My letter writer, like many Americans, takes the hard-line Israeli line. (I emphasize the label "hard-line" because, of course, there is a sizable and vocal Israeli peace movement which does not share the hard-line world view; scroll down for an example.) He claims that Israel offered the Palestinians all of the West Bank and Gaza, but that Arafat rejected this offer. This is a myth. Reports by reliable American observers at Camp David II (July 2000) say that Ehud Barak offered Arafat only partial control, insisting that dozens of settlements remain under Israeli authority and protection, along with the guarded roads and checkpoints which allow them to survive. In other words, Arafat was offered an apartheid Palestine and rejected that offer. I'm no fan of Arafat, but I can understand his decision.

Moreover, blaming the intifada on Arafat and the Palestinians ignores a history of Israeli provocations, most notably the deliberately inflammatory decision of Sharon to take a walk on the grounds of the Mosque of the Dome of the Rock (Sept 2000), sacred to Muslims, backed by hundreds of Israeli policemen. Sharon clearly wanted a reaction, and he got one, and won his election in the process. There was no reason for Sharon to make that walk except to start trouble, and he got the intifada.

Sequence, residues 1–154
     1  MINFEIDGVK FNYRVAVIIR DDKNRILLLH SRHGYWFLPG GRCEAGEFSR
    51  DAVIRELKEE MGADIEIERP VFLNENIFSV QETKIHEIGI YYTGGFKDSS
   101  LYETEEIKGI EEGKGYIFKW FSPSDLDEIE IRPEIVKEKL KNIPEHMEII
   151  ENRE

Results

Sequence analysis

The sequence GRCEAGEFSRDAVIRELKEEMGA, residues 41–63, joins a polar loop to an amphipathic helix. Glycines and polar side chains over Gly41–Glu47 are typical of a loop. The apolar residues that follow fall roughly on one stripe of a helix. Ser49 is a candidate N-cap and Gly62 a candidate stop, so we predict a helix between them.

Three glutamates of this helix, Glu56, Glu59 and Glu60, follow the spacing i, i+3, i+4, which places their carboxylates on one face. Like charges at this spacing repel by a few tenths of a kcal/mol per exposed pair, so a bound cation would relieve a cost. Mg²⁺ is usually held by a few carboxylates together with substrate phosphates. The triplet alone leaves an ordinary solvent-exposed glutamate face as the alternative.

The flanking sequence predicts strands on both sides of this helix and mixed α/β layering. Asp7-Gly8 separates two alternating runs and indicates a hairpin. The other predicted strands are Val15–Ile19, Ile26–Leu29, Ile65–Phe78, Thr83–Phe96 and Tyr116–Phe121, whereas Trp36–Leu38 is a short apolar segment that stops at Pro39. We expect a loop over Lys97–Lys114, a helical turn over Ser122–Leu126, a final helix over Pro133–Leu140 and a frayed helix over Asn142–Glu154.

The sad thing is that extremists like Sharon and the leaders of Hamas are in a perverse partnership to sabotage peace. Neither side wants to negotiate. Hamas wants the Jews out; Sharon seems to be on the road to annexing part or all of the West Bank; and both sides are helped by the extremism of the other. It is moderate Palestinians and Israelis who are caught in the middle, losing supporters each time some extremist blows up a bomb or orders another curfew.

Again, there are wrongs on both sides, but it is clear who has the most power, and therefore, in my mind, the most responsibility for the current madness. Israeli troops and tanks control the West Bank. It is the Israeli government which encourages settlements that make peace seem impossible. To maintain those settlements, Israeli soldiers stop and search Palestinians at checkpoints, impose curfews, bulldoze homes, all of which creates more resentment and feeds the desperation that leads to suicide bombings (a practice I cannot condemn enough, by the way).